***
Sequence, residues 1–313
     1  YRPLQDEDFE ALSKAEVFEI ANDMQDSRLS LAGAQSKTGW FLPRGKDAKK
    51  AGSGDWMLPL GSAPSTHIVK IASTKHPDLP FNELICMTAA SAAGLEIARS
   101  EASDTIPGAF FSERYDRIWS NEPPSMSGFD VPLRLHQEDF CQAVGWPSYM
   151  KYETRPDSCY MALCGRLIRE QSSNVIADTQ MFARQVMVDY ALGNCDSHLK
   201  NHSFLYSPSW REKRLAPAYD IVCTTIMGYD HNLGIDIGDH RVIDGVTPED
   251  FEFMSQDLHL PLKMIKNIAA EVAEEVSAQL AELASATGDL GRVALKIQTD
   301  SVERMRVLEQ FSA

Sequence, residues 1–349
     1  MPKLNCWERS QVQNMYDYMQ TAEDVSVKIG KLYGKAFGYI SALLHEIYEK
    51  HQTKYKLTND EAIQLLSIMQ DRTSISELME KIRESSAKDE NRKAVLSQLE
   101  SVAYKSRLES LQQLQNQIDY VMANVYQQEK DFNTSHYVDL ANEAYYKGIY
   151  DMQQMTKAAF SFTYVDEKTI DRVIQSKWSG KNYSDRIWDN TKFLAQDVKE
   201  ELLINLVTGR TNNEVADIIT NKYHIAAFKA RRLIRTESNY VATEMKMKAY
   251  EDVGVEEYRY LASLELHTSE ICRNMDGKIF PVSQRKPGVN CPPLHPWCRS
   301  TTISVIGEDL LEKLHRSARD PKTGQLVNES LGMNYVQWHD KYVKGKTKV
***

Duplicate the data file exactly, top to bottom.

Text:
Sequence, residues 1–313
     1  YRPLQDEDFE ALSKAEVFEI ANDMQDSRLS LAGAQSKTGW FLPRGKDAKK
    51  AGSGDWMLPL GSAPSTHIVK IASTKHPDLP FNELICMTAA SAAGLEIARS
   101  EASDTIPGAF FSERYDRIWS NEPPSMSGFD VPLRLHQEDF CQAVGWPSYM
   151  KYETRPDSCY MALCGRLIRE QSSNVIADTQ MFARQVMVDY ALGNCDSHLK
   201  NHSFLYSPSW REKRLAPAYD IVCTTIMGYD HNLGIDIGDH RVIDGVTPED
   251  FEFMSQDLHL PLKMIKNIAA EVAEEVSAQL AELASATGDL GRVALKIQTD
   301  SVERMRVLEQ FSA

Sequence, residues 1–349
     1  MPKLNCWERS QVQNMYDYMQ TAEDVSVKIG KLYGKAFGYI SALLHEIYEK
    51  HQTKYKLTND EAIQLLSIMQ DRTSISELME KIRESSAKDE NRKAVLSQLE
   101  SVAYKSRLES LQQLQNQIDY VMANVYQQEK DFNTSHYVDL ANEAYYKGIY
   151  DMQQMTKAAF SFTYVDEKTI DRVIQSKWSG KNYSDRIWDN TKFLAQDVKE
   201  ELLINLVTGR TNNEVADIIT NKYHIAAFKA RRLIRTESNY VATEMKMKAY
   251  EDVGVEEYRY LASLELHTSE ICRNMDGKIF PVSQRKPGVN CPPLHPWCRS
   301  TTISVIGEDL LEKLHRSARD PKTGQLVNES LGMNYVQWHD KYVKGKTKV